PowerTiers 6's PowerPage

Persistence Software, Inc., recently released the latest version of its EJB server, PowerTier 6. It's a little different from your run-of-the-mill EJB servers, though. This JavaOne 2000 special-edition issue of EJB Home will enlighten you about PowerPage, a hot feature that will put PowerTier 6 on every EJB evaluator's radar! Let's first understand why PowerTier 6 and PowerPage are such key ingredients in any large-scale, e-commerce solution today. The E-Commerce Dilemma My company has worked with numerous dot-coms this year, and most have puzzled over the same dilemma: How do we deliver a scalable, Web-enabled application, using standards-based technologies, in "Internet time"? Four key items need to be addressed in what I call the e-commerce dilemma: Scalability Web enabling Standards-based technologies Internet time (time-to-market) Tackling an e-commerce applicat... (more)

The Next Big Thing

"J2EE is to Java what SQL was to databases." That's a direct quote from one of my conversations with software vendors during JavaOne. And I tend to agree with the statement. I spent most of the show talking with people regarding their products, their visions and their strategies. It was clear to me that J2EE is a standard with enough meat behind it to generate adoption by many companies as the clear design for their products. What also quickly became apparent was that there's a certain degree of parity in J2EE. Looking at the vendors involved, you could go from booth to booth (and I did) and hear the same message from each: "We're J2EE compliant." I had long talks with IBM, BEA, SilverStream, GemStone and several others, and the message was pretty much the same regarding compliance. One might be missing JMS or some other minor part of the standard, but they all provi... (more)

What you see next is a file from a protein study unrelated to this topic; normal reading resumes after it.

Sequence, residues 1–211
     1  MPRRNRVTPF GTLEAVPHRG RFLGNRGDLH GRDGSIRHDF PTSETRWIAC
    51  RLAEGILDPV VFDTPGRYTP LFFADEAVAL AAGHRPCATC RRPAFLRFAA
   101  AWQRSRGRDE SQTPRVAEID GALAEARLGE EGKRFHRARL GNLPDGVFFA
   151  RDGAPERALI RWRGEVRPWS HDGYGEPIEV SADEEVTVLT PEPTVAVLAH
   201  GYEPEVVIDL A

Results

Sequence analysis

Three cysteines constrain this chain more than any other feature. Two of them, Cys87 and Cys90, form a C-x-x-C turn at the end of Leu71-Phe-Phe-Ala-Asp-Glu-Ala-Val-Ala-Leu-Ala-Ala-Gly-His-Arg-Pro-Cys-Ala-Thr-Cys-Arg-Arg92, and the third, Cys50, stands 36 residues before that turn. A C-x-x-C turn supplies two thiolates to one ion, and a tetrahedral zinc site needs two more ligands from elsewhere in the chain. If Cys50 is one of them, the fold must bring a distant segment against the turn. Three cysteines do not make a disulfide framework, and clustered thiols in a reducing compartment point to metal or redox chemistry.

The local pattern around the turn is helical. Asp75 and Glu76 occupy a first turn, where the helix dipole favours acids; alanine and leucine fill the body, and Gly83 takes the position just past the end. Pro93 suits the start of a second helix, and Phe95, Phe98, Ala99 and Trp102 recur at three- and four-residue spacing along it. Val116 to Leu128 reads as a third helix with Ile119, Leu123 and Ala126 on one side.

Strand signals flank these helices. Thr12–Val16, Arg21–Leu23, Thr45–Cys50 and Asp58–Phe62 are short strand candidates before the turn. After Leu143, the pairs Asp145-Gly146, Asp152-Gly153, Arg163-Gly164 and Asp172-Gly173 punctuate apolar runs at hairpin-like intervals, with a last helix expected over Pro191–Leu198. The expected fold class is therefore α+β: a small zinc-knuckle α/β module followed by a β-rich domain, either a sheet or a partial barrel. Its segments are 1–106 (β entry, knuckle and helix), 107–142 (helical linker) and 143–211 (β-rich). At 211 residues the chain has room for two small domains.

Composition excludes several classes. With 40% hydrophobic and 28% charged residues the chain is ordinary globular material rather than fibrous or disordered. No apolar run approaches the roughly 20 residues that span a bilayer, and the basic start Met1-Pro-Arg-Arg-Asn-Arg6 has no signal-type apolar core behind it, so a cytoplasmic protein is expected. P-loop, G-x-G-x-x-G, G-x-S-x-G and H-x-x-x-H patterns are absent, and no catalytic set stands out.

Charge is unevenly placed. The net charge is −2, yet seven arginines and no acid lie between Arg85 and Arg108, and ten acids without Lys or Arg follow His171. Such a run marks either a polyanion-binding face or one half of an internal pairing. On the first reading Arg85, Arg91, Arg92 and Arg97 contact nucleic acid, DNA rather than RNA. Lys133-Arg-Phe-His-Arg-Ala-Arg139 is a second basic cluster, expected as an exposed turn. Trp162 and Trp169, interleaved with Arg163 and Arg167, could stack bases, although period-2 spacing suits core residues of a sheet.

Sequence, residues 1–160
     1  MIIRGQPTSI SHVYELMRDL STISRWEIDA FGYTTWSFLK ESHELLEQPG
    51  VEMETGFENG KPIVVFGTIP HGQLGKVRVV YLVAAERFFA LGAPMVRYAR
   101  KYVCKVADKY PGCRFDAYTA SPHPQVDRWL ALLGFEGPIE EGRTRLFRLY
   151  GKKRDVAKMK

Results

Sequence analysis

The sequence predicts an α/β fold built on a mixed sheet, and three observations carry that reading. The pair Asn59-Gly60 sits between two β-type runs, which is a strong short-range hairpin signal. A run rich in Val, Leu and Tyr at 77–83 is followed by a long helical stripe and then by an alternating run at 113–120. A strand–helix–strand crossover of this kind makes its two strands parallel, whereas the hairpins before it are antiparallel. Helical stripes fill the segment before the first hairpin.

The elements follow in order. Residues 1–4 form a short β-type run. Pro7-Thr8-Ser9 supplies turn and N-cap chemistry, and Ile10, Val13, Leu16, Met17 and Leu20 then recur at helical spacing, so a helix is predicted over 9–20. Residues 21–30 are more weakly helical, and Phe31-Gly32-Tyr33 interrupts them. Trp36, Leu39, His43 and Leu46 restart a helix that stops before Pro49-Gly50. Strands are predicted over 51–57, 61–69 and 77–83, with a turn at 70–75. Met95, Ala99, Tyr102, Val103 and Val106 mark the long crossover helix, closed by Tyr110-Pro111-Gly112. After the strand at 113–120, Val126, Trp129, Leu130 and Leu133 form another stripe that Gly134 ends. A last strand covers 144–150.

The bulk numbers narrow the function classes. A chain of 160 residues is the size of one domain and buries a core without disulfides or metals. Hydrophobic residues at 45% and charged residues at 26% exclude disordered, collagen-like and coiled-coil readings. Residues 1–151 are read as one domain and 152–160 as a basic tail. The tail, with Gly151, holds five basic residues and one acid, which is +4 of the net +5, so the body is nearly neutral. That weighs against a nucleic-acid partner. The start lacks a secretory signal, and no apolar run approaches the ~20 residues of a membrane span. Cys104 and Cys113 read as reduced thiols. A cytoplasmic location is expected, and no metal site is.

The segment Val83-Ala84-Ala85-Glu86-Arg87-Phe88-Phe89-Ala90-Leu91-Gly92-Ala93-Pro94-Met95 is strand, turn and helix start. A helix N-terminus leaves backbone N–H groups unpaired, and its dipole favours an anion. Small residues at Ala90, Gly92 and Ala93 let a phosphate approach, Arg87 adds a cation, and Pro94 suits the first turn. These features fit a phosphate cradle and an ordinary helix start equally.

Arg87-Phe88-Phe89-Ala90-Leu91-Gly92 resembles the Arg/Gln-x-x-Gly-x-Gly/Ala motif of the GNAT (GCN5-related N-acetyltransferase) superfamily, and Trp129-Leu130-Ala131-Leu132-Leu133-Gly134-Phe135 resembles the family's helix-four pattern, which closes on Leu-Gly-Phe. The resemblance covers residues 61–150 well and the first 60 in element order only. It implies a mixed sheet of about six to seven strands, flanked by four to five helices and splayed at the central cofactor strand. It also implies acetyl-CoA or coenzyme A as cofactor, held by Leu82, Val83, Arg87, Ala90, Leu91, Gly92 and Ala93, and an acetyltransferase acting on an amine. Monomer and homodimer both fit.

Who Will Be King of J2001?

Lately I've received a number of e-mails and had conversations regarding J2EE compliance and what it means to the industry. Each conversation or message has a slightly different slant depending on whether the person on the other end is a vendor or a reader or a colleague. What almost everyone seems to agree on is that the J2EE standard has done more to create a basic parity among vendors than any other event in the short but colorful history of Java. Parity excites end users (in this case developers or IT departments) and depresses vendors. IT departments love the portability of J2EE because it allows them to move from one vendor to another as they see fit. Vendors dislike parity because it reduces their ability to charge premiums – they're selling a commodity. To avoid the commodity problem, vendors naturally attempt to differentiate themselves from one another by ... (more)